Women's human rights defenders
A women's human rights defender is anyone, male or female, who defends women's rights. Due to widespread gender discrimination, women's human rights defenders may face additional pressure for focussing on women.
And if they are female (and most of them are), they also risk punishment from their family, the community and the state for defying social conventions on what is acceptable behaviour for women. Find out more
With this in mind, we campaign for governments to pay special attention to women's human rights defenders and implement practical measures to support them.
Take action: Women of Zimbabwe Arise (WOZA)
Since 2003, members of women's organisation, WOZA, have been harassed and repeatedly arrested while peacefully protesting about the human rights situation in Zimbabwe. Take action now
Women defending human rights
Women all over the world take huge risks to defend the rights of men, women and children. They are professionals, such as doctors and lawyers. They are community activists fighting for basic economic and social rights, such as the right to own land or have clean water, or for the rights of minorities.
They seek to uncover the truth when loved ones are subjected to enforced disappearance. They campaign for education for themselves and their children.
Some fight against restrictions on women's sexual and reproductive rights and for the right to make their own choices and decisions - including if, when and who they will marry, if and when they will have children, and who with.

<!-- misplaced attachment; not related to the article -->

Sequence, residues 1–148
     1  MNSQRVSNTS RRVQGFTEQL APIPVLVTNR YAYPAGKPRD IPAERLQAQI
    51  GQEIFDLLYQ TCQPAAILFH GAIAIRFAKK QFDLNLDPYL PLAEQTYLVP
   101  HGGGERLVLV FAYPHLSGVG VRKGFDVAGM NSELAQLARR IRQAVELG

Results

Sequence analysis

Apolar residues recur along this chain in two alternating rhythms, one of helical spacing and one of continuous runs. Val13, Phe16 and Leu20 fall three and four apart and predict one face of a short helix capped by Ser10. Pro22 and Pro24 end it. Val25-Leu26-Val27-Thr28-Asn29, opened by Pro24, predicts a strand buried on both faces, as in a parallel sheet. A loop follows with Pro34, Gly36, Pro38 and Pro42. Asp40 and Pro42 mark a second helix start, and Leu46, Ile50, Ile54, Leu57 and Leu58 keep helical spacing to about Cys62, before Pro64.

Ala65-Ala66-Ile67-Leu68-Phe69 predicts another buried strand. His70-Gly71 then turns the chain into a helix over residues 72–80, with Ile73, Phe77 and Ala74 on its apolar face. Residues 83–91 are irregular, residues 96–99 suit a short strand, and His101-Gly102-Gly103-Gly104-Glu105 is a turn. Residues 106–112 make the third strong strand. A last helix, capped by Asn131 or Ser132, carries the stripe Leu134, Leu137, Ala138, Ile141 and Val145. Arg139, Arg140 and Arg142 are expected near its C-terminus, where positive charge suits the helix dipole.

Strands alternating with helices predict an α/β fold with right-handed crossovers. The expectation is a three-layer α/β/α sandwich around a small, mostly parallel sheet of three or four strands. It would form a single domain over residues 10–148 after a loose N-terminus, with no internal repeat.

'I get harassed by police officers, judges and families of the victims. Sometimes I have to leave my house in the middle of the night to retrieve women from police stations. I do this work because what we do is very important. We protect victims of violence from being abused again.' Noor Marjan, Director of the Afghan Women's Skills Development Centre, March 2010
Those opposed to women's rights use a range of methods to intimidate, discourage, and prevent women from organising to defend their human rights.
Attacks on women's human rights defenders can range from harassment and verbal abuse to physical assault, including rape and sexual violence. Serious sexual assaults are often intended to target women's 'honour', to humiliate and discredit them.
Domestic violence is also used to control women and put pressure on them to stop their human rights activism. Family members may claim that their work brings shame on the whole family or community, and so use violence and threats to restore 'honour', often with the support or approval of the authorities.
Social tolerance of violence against women in general often means that attacks on women's human rights defenders are not taken seriously.
Success story: Nine women's rights defenders in Nicaragua
For two and a half years nine Nicaraguan women faced legal proceedings following their involvement in the case of a nine-year-old girl who was raped and made pregnant in 2003, and obtained a legal abortion in Nicaragua.
Amnesty feared that the complaint was brought against the nine in October 2007 because of their human rights work and activism to ensure women and girls had access to safe and effective sexual and reproductive health services.
On 28 April 2010, the investigation into the nine women was closed. This is a major achievement marking an important step forward and a lessening of the intimidation and harassment the women human rights defenders have suffered. However, the way in which the investigation was closed leaves us with grave concerns over the attitude of the Nicaraguan authorities towards defenders of womens rights. Find out more